Earth from Space: Amazon River

Hi I’m Kelsea Brennan-Wesselsand welcome back to Earth from Spaceon the European Space Agency Web TV. The Copernicus Sentinel-2A satellitetakes us over northern Brazil on 22 August 2017,where the Amazon River meets the Atlantic Ocean. The sediment-laden water appears brownas it flows from the lower left to the open
ocean in the upper right. ‘Popcorn’ clouds are visible in parts
of the image –a common occurrence during the Amazon’s
dry season,formed by condensed water vapour released
by plants and treesduring a sunny day. The land varies in colour from the deep green
of dense vegetationto light brown. Taking a closer look to the upper-left section
of the image,we can see large brown areaswhere the vegetation has already been cleared away. Geometric shapes indicate agricultural fields,and linear roads cut through the remaining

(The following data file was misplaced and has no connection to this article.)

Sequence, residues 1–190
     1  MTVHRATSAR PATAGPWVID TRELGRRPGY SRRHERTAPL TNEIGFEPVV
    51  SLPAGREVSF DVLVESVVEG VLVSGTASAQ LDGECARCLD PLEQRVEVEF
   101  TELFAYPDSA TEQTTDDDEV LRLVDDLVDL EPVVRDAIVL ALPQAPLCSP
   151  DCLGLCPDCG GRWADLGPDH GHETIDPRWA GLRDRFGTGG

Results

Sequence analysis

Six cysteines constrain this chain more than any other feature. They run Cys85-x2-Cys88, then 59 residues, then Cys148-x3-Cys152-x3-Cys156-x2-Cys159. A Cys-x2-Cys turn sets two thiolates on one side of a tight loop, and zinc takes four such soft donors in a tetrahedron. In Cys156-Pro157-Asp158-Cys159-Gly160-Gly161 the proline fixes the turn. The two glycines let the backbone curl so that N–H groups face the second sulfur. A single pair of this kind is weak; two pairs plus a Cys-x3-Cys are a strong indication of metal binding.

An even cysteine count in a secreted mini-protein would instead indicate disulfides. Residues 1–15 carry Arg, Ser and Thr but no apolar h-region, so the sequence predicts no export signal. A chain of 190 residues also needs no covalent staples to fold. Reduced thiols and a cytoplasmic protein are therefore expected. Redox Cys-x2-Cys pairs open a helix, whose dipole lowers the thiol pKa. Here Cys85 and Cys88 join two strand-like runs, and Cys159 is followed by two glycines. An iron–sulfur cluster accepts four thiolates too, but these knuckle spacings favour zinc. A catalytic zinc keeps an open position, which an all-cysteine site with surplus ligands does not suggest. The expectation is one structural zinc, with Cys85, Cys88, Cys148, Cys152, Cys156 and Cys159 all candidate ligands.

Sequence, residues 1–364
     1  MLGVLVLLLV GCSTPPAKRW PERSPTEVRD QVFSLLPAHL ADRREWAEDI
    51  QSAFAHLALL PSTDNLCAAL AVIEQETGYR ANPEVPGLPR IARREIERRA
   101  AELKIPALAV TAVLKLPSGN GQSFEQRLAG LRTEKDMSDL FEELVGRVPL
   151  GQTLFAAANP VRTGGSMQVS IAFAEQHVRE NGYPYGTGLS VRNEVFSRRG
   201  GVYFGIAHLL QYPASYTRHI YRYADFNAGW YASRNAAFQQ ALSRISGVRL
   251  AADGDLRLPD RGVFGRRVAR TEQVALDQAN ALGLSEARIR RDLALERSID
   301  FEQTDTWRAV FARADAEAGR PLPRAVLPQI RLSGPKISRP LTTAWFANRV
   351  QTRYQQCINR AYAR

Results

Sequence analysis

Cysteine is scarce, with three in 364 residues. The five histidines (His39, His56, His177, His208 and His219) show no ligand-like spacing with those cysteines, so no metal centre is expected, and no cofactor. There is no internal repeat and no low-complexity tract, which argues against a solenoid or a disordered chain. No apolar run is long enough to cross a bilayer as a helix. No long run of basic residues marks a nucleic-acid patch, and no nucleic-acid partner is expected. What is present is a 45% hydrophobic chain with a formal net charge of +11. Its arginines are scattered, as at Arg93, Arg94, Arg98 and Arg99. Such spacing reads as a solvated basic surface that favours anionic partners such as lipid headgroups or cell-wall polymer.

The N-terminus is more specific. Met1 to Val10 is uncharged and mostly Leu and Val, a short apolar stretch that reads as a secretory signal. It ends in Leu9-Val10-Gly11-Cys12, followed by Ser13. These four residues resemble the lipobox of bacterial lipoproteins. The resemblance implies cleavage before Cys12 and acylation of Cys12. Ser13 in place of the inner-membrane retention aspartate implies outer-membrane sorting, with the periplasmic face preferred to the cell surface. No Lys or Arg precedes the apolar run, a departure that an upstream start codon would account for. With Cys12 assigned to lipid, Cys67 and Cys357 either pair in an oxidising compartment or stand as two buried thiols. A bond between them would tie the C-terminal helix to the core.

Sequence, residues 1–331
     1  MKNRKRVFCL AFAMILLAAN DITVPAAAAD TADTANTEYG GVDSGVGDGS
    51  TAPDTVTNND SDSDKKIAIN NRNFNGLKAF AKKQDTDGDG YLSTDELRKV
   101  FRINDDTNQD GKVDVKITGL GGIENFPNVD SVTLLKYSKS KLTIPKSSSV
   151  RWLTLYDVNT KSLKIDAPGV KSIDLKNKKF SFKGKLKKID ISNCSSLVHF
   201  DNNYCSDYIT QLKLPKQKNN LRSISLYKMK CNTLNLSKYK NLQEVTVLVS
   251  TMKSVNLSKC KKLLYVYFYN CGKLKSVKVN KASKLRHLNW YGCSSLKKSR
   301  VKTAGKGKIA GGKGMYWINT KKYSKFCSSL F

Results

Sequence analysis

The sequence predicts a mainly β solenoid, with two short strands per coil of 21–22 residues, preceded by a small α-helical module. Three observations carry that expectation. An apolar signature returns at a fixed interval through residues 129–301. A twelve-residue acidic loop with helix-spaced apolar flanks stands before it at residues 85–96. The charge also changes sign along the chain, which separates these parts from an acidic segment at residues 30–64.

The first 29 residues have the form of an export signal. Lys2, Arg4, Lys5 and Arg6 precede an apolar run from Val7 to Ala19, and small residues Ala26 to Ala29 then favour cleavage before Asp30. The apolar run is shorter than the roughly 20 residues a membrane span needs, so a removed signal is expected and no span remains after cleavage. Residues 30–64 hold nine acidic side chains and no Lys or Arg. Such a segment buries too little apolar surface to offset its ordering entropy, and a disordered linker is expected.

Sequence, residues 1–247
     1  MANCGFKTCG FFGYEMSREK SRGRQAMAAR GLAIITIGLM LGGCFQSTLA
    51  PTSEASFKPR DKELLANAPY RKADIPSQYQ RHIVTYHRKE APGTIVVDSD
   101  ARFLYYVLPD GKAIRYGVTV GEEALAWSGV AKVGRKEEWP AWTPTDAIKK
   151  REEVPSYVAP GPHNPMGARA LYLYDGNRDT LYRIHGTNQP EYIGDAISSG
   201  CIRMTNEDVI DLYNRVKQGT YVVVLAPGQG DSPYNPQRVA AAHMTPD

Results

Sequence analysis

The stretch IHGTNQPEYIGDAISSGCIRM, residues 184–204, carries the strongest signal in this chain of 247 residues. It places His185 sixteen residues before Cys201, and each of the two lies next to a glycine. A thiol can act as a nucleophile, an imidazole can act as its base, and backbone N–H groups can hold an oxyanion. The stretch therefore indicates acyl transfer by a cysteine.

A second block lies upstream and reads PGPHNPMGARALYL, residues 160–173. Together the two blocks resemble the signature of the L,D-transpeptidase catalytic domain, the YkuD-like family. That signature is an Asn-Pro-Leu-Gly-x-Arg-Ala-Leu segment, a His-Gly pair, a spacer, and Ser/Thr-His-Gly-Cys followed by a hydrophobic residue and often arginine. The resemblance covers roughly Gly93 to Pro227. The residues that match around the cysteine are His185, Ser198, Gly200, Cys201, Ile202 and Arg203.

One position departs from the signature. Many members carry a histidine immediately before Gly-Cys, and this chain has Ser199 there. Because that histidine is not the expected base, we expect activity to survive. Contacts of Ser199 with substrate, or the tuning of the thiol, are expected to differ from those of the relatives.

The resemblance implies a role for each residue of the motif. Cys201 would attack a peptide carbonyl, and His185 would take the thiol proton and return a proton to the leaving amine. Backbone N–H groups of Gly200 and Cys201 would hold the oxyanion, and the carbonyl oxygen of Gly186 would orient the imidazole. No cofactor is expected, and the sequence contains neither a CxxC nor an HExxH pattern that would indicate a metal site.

dense vegetation. Rainforests worldwide are being destroyed
at an alarming rate. This is of great concern because they play
an important role in global climate,and are home to a wide variety of plants,
animals and insects. More than a third of all species in the world
live in the Amazon Rainforest. Unlike other forests, rainforests have difficulty
regrowing after they are destroyed and,owing to their composition,their soils are not suitable for long-term
agricultural use. With their unique view from space,Earth observation satellites have been instrumental
in highlighting the vulnerability of the rainforestsby documenting the scale of deforestation. And that wraps up this edition of Earth from Space. Remember that to learn more about space or
about our planet,you can visit our website at www. esa. int. From the ESA Web-TV studios, have a great day.

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